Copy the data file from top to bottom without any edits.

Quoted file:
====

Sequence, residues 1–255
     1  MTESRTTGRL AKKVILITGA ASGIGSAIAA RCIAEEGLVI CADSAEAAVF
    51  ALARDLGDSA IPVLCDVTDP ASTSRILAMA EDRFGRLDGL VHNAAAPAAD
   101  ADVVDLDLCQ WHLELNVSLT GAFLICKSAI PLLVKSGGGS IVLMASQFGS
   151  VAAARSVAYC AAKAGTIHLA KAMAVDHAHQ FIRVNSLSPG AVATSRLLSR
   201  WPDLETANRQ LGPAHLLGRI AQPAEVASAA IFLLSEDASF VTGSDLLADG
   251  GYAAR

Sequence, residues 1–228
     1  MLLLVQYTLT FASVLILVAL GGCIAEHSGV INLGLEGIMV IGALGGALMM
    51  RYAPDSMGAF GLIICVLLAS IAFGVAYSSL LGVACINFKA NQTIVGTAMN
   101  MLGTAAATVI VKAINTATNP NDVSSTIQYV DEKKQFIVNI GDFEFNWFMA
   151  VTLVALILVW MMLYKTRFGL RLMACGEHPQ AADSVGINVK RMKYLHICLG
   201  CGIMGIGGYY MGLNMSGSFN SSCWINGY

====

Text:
Sequence, residues 1–255
     1  MTESRTTGRL AKKVILITGA ASGIGSAIAA RCIAEEGLVI CADSAEAAVF
    51  ALARDLGDSA IPVLCDVTDP ASTSRILAMA EDRFGRLDGL VHNAAAPAAD
   101  ADVVDLDLCQ WHLELNVSLT GAFLICKSAI PLLVKSGGGS IVLMASQFGS
   151  VAAARSVAYC AAKAGTIHLA KAMAVDHAHQ FIRVNSLSPG AVATSRLLSR
   201  WPDLETANRQ LGPAHLLGRI AQPAEVASAA IFLLSEDASF VTGSDLLADG
   251  GYAAR

Sequence, residues 1–228
     1  MLLLVQYTLT FASVLILVAL GGCIAEHSGV INLGLEGIMV IGALGGALMM
    51  RYAPDSMGAF GLIICVLLAS IAFGVAYSSL LGVACINFKA NQTIVGTAMN
   101  MLGTAAATVI VKAINTATNP NDVSSTIQYV DEKKQFIVNI GDFEFNWFMA
   151  VTLVALILVW MMLYKTRFGL RLMACGEHPQ AADSVGINVK RMKYLHICLG
   201  CGIMGIGGYY MGLNMSGSFN SSCWINGY